Ahijah in the Bible Encyclopedia - ISBE
a-hi'-ja ('achiyah or 'achiyahu, "brother of Yahweh," "my
brother is Yahweh," "Yah is brother." In the King James
Version the name sometimes appears as Ahiah):
(1) One of the sons of Jerahmeel the great-grandson of Judah
(1 Ch 2:25).
(2) A descendant of Benjamin (1 Ch 8:7).
(3) The son of Ahitub, priest in the time of King Saul (1
Sam 14:3,18). Either he is the same with Ahimelech, who is
mentioned later, or he is the father or brother of
Ahimelech. He is introduced to us when Saul has been so long
on the throne that his son Jonathan is a man grown and a
warrior. He is in attendance upon Saul, evidently as an
official priest, "wearing an ephod." When Saul wishes
direction from God he asks the priest to bring hither the
ark; but then, without waiting for the message, Saul counts
the confusion in the Philistine camp a sufficient indication
of the will of Providence, and hurries off to the attack.
Some copies of the Greek here read "ephod" instead of "ark,"
but the documentary evidence in favor of that reading is far
from decisive. If the Hebrew reading is correct, then the
seclusion of the ark, from the time of its return from
Philistia to the time of David, was not so absolute as many
See AHIMELECH, i.
(4) One of David's mighty men, according to the list in 1 Ch
11:36. The corresponding name in the list in 2 Sam 23:34 is
Eliam the son of Ahithophel the Gilonite.
(5) A Levite of David's time who had charge of certain
treasures connected with the house of God (1 Ch 26:20). The
Greek copies presuppose the slightly different text which
would give in English "and their brethren," instead of
Ahijah. This is accepted by many scholars, and it is at
least more plausible than most of the proposed corrections
of the Hebrew text by the Greek.
(6) Son of Sinsha and brother of Elihoreph (1 Ki 4:3). The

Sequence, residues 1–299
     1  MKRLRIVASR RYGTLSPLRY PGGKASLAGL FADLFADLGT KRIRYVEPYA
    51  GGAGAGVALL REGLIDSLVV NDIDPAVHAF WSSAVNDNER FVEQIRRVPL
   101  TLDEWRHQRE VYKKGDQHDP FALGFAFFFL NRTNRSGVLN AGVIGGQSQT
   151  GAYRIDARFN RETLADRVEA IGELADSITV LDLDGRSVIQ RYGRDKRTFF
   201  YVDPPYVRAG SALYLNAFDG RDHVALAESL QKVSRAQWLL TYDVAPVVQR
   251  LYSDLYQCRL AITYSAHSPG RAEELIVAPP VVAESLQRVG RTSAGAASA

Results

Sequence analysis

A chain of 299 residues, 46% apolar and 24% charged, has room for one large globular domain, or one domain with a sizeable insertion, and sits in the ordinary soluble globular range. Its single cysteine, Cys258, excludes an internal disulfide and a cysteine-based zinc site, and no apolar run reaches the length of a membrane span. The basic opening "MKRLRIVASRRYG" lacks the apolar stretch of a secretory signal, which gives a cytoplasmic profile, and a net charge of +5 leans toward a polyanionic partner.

two brothers were scribes of Solomon. Can the scribes Ahijah
and Shemaiah (1 Ch 24:6) be identified with the men of the
same names who, later, were known as distinguished prophets?
Sinsha is probably the same with Shavsha (1 Ch 18:16;
compare 2 Sam 8:17; 20:25), who was scribe under David, the
office in this case descending from father to son.
(7) The distinguished prophet of Shiloh, who was interested
in Jeroboam I. In Solomon's lifetime Ahijah clothed himself
with a new robe, met Jeroboam outside Jerusalem, tore the
robe into twelve pieces, and gave him ten, in token that he
should become king of the ten tribes (1 Ki 11:29-39). Later,
when Jeroboam had proved unfaithful to Yahweh, he sent his
wife to Ahijah to ask in regard to their sick son. The
prophet received her harshly, foretold the death of the son,
and threatened the extermination of the house of Jeroboam (1
Ki 14). The narrative makes the impression that Ahijah was
at this time a very old man (1 Ki 14:4). These incidents are
differently narrated in the long addition at 1 Ki 12:24
found in some of the Greek copies. In that addition the
account of the sick boy precedes that of the rent garment,
and both are placed between the account of Jeroboam's return
from Egypt and that of the secession of the ten tribes, an
order in which it is impossible to think that the events
occurred. Further, this addition attributes the incident of
the rent garment to Shemaiah and not to Ahijah, and says
that Ahijah was 60 years old.
Other notices speak of the fulfillment of the threatening
prophecies spoken by Ahijah (2 Ch 10:15; 1 Ki 12:15; 15:29).
In 2 Ch "the prophecy of Ahijah the Shilonite" is referred
to as a source for the history of Solomon (9:29).
(8) The father of Baasha king of Israel (1 Ki 15:27,33;
21:22; 2 Ki 9:9).
(9) A Levite of Nehemiah's time, who sealed the covenant
(Neh 10:26 the King James Version).